Gale's parents might consider an outpatient clinic associated with a local hospital. If they can receive all of their services at one location, this could make things easier on them as a family. They also like the idea that the providers can easily talk to each other about Gale's progress, and sometimes even co-treat during sessions.
Mia is 15 months old. She is a little behind on her communication milestones. Her pediatrician is unconcerned but her parents decide to go with their gut and seek out Early Intervention services. Mia qualifies for speech therapy, and the SLP comes to their house weekly. Mia's parents are learning so much about how to encourage Mia's language in the home environment. By her 18 month check-up, Mia is back on track.
Mia's parents had a great experience in the Early Intervention setting. They had a therapist that helped educate and empower them to support their daughter's communication at home.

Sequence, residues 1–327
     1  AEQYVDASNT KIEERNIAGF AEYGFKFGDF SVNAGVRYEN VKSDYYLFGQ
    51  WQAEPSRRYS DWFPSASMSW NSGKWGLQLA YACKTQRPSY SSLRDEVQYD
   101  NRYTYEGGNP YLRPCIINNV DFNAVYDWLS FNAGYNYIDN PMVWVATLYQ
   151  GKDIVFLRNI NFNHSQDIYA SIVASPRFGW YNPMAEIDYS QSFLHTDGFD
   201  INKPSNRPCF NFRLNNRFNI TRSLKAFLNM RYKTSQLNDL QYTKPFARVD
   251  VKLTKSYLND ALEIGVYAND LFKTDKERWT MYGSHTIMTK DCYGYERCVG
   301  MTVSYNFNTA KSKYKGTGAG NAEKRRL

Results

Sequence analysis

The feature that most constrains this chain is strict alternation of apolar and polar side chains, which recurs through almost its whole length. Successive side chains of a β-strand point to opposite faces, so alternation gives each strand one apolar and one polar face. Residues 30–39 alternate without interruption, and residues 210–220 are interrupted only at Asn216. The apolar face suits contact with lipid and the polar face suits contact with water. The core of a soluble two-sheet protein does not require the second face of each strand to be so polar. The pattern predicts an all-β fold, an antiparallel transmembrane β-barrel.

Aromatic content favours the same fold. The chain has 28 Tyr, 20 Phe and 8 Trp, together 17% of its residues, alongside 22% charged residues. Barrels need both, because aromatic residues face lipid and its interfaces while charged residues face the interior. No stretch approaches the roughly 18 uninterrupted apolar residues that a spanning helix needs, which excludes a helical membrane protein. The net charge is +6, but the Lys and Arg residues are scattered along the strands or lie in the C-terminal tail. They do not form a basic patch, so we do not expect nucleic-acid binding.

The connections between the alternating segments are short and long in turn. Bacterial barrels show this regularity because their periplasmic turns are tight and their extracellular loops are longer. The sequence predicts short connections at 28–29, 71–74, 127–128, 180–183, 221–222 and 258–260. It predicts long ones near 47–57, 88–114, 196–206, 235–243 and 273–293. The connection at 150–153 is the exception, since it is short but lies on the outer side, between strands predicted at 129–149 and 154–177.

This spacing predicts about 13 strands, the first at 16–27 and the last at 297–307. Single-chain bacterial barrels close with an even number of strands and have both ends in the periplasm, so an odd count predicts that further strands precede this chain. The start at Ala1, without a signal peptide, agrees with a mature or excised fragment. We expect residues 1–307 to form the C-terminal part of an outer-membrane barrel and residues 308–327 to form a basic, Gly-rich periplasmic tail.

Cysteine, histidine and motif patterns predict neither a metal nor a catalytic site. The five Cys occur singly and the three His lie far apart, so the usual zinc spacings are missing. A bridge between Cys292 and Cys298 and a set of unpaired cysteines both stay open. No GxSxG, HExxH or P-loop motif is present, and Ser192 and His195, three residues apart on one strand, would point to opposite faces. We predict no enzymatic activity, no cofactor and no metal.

Ready, Set, Talk Time
So let's see how Time Boston fits into the Setting category.
Talk Time Boston is a private practice. We see clients in their home, at meet-up locations in the community, and virtually -- all based on what fits the child's communication profile and the family's needs.
Why Talk Time?
We are passionate about working with our clients and their family for home carryover.
We take on a manageable caseload so we know we have time to dedicate to each individual client and their needs.
We value communication about progress. Every three months or so, we analyze our client's progress and write up a detailed progress note with a plan for the next treatment period.
But we also look at our data week to week and adapt our plan sooner if needed.
WANT TO LEARN MORE?
Check out our services and our intake process on our website here.
And, if private practice is the right fit for your family, please reach out to us: